What I said in New York: A synopsis

October 5 will forever be remembered in the history of Guyana as the date when a short-lived democracy was restored. Our freedom was obtained on May 26, 1966. The period of formal democracy lasted from 1966 until 1968 when it was crushed by rigged elections.

The rigging of the 1968, 1973, 1980 and 1985 elections have been fully documented elsewhere. But the entire gamut of manipulative techniques was employed. Laws were passed that removed all but the formal powers of the Elections Commission and handed over the management of the elections to the Chief Elections Office. The free press was destroyed and Parliament unrepresentative. But opposition to the rigging of elections never subsided.

A national struggle took place towards the end of the 1970s against the referendum to remove the requirement for a referendum to amend the constitution. This triggered substantial political and civic unity. The referendum turned out to be massively rigged with only 15 per cent of the electorate voting. The unity forged in this period was sustained until the restoration of free and fair elections in 1992.

The loss of Walter Rodney, the defeat in the referendum struggle in the late 1970s, the imposition of the new constitution in 1980 and the rigging of the elections of that year, sapped enthusiasm but did not diminish the struggle of for free and fair elections, which was attracting more and more adherents in and out of Guyana and took new forms.

Gorbachev became the new leader of the Soviet Union in 1985. There followed a transformation in relations between the Soviet Union and the United States and Europe. In Nicaragua, where a decade old civil war had been ongoing, the Sandinista government agreed in 1989 to have supervised elections, supported by both the Soviet Union and the United States. Cde Cheddi Jagan wrote to both President Bush and President Gorbachev in 1989 calling for the same treatment for Guyana – supervised, free and fair, elections – that Nicaragua was receiving. Then came President Bush’s 1990 Republic Day message, in apparent response to Dr Jagan’s letter, calling for free and fair elections.

Free and fair elections have transformed Guyana and the PNC itself, under various names. In conducive conditions, APNU has now proved that it can win.

The loss of elections after twenty years in power is traumatic for anyone as it was for the PPP. But a certain political logic sometimes exists. After two terms of the popular Bill Clinton administration, Al Gore lost the elections to George W Bush. He had no independent, compelling vision. After two terms of the historic Barack Obama presidency, Hillary Clinton lost to Donald Trump. Mrs Clinton had no independent, compelling vision, other than that she was a woman.

The PPP needed another inspiring, compelling, vision. The “dawn of a new era” of 1992 no longer inspired. After four terms, the PPP was under severe criticism for many things, including corruption. Despite much progress, some of these criticisms were resonating, dangerously, among PPP supporters.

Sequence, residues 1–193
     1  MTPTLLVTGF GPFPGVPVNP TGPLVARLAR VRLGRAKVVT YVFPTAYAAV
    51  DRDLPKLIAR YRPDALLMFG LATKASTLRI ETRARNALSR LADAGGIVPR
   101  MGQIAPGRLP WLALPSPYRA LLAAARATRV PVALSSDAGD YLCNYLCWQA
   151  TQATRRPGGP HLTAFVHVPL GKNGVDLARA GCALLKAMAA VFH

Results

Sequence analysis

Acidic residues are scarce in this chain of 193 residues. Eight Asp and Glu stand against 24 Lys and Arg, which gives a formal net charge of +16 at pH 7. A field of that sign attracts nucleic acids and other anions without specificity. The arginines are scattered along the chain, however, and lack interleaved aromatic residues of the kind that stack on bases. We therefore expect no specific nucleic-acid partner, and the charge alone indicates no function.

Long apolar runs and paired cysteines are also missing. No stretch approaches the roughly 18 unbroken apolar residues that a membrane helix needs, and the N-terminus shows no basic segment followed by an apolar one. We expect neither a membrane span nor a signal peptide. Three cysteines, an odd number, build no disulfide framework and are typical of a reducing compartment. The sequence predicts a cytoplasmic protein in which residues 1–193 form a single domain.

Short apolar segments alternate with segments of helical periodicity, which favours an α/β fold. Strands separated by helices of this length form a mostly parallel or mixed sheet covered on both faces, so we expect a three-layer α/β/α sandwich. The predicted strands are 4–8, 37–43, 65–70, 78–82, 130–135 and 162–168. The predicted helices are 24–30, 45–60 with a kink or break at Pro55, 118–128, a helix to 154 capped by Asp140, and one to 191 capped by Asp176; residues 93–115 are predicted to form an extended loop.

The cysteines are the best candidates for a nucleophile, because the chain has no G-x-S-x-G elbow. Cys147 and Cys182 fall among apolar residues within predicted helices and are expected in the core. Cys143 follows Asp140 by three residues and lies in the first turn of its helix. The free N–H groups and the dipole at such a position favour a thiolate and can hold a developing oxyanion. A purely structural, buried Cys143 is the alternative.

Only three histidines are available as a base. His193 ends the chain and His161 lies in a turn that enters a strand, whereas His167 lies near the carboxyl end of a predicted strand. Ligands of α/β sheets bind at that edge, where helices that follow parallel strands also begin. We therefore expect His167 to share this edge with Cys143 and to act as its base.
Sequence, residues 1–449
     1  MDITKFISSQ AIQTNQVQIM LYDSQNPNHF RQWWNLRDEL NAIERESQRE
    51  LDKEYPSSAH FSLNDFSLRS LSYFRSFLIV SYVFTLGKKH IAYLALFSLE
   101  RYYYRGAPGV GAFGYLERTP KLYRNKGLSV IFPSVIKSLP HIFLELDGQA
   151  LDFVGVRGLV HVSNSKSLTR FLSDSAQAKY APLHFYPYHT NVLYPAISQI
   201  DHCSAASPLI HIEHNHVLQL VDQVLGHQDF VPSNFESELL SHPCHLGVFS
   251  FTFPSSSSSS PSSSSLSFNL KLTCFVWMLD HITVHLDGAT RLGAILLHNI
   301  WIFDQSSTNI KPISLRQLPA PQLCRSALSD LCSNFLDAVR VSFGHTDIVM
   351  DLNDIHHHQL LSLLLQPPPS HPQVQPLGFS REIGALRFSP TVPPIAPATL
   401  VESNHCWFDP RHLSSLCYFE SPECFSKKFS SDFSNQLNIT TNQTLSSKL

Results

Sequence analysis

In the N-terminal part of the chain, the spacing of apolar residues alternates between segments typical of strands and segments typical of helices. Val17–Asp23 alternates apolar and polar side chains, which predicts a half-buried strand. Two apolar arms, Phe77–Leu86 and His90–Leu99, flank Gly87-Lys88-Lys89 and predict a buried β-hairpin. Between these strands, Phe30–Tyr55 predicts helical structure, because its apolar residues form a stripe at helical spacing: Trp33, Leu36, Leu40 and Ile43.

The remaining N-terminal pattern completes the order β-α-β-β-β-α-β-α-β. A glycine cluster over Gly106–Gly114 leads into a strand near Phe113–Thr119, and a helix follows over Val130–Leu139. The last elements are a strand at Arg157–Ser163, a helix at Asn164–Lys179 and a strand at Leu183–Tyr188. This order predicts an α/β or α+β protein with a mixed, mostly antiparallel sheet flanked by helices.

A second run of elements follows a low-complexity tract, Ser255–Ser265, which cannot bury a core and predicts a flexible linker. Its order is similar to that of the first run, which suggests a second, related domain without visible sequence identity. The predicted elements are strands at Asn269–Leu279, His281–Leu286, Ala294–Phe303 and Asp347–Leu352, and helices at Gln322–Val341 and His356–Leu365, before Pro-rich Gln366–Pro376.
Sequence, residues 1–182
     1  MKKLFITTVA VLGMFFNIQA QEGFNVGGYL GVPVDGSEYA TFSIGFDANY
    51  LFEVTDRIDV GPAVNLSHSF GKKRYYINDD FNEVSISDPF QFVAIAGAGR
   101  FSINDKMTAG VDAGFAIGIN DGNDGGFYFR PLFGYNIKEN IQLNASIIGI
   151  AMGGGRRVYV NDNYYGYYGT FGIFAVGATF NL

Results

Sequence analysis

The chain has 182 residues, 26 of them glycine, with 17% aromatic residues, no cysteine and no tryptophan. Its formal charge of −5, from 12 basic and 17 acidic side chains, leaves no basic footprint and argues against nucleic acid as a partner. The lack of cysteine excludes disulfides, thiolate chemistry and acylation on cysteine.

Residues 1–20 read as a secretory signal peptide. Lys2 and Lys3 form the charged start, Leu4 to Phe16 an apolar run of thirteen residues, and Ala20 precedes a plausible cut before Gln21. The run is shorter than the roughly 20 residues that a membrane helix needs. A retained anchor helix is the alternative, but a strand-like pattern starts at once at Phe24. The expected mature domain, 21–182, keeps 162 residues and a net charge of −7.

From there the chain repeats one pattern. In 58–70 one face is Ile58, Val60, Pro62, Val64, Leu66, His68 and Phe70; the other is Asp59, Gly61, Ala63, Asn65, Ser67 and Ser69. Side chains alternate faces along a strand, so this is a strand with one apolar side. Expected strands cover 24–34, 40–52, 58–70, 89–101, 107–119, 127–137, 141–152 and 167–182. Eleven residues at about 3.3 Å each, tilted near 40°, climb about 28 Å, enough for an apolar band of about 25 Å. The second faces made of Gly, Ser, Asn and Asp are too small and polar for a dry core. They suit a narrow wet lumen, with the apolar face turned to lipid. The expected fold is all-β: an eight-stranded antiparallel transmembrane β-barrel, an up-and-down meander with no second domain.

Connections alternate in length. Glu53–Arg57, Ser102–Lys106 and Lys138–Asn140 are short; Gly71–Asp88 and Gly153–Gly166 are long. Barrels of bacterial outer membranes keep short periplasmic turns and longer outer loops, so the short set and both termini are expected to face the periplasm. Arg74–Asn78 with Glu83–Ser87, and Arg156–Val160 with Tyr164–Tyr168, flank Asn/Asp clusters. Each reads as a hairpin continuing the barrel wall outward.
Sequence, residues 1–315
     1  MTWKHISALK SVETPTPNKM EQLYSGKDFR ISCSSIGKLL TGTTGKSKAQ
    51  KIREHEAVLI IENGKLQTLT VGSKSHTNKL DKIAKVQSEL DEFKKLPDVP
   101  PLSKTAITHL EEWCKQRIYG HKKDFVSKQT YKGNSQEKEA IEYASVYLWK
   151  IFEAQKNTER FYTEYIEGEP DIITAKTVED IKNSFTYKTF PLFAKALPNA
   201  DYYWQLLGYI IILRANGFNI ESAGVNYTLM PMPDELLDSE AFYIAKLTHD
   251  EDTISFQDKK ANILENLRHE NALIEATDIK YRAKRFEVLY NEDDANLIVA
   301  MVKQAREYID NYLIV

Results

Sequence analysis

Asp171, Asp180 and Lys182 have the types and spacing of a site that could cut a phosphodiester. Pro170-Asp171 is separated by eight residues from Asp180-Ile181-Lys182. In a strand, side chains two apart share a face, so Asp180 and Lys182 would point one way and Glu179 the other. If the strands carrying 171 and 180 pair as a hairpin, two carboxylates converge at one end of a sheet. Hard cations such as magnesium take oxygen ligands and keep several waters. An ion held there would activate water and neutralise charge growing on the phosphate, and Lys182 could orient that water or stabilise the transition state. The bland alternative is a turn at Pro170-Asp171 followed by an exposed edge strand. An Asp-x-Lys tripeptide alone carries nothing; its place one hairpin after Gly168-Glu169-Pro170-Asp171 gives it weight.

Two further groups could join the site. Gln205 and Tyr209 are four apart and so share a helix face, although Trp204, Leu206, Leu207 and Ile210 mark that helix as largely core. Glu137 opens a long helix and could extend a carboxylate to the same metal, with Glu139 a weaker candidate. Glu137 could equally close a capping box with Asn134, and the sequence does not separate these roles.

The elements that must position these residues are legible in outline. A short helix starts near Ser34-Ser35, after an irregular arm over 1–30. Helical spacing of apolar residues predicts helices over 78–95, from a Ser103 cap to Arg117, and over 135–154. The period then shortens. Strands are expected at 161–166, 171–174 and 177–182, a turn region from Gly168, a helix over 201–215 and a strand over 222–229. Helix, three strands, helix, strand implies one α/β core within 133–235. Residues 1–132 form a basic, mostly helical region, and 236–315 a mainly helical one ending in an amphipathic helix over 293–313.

In any part of the rational political world, the largest minority parties negotiate the support of one or more of the other political parties to ensure majority support to carry out its programme. This happens all over Europe and is happening in Germany as we speak. In 2011 the PPP was the largest minority party and had two political parties in opposition, the APNU and the AFC. The refusal of the PPP to negotiate a coalition, or even a support arrangement, with either, or both, of these parties could have only political suicide as its  natural outcome.

One would have thought that once bitten, twice shy. Facing a formidable coalition of APNU+AFC in 2015, the PPP once again offered more of the same, but not a vision of the future that the people craved. By this time the electorate was hungry for a vision of political compromise to end the gridlock which prevailed between 2011 and 2015.

We don’t know what 2020 election year holds for us. Every year the need grows for what Cheddi Jagan called a “political solution,” the end of “winner take all” politics. This will end a half a century of political strife and instability based on ethnic suspicion, insecurity and discord.

The controversies already surrounding the issues of oil demonstrate that a political solution is now more vitally necessary. Unless there can be agreement as to how the oil wealth is going to be managed, Guyana will end up like so many other oil countries which squandered their oil wealth, benefiting only those at the top. Whether Guyana will be a better and safer country for all of us will depend on whether we can arrive at that ‘political solution.’ It was offered by Cheddi Jagan during his entire lifetime. It has now been adopted by APNU+AFC in its election manifesto in a different ‘winner does not take all’ system – separate presidential and parliamentary elections; the candidate in second place becoming the prime minister; and all parties with fifteen per cent of the votes having a seat in the government. David Granger and Bharrat Jagdeo need to talk. (October 8, 2017, New York: condensed and amended).

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